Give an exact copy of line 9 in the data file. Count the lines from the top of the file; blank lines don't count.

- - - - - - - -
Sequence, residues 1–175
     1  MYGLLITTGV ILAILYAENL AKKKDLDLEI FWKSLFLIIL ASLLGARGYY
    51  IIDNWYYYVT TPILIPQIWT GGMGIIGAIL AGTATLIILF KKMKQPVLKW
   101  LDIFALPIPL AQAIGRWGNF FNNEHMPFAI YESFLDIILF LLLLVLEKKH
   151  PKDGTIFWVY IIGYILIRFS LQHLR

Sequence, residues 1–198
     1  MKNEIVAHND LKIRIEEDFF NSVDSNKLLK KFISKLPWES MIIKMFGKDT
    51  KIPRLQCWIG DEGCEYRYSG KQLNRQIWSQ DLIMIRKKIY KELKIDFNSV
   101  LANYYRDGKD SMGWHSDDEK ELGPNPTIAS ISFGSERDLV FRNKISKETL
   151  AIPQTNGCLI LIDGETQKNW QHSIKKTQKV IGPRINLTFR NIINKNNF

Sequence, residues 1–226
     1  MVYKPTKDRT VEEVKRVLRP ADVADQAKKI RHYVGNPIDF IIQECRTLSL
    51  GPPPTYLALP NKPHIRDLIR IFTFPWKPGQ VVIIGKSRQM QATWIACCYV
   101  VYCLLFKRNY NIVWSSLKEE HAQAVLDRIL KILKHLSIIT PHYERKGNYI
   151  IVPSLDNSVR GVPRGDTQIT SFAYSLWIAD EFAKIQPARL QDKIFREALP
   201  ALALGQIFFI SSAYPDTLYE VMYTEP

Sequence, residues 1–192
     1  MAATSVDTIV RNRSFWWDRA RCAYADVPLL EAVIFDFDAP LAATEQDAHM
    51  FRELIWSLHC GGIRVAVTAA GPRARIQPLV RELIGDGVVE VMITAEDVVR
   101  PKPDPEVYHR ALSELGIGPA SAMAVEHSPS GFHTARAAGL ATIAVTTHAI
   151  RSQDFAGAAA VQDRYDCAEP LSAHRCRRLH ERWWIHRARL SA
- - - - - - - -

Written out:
   101  LANYYRDGKD SMGWHSDDEK ELGPNPTIAS ISFGSERDLV FRNKISKETL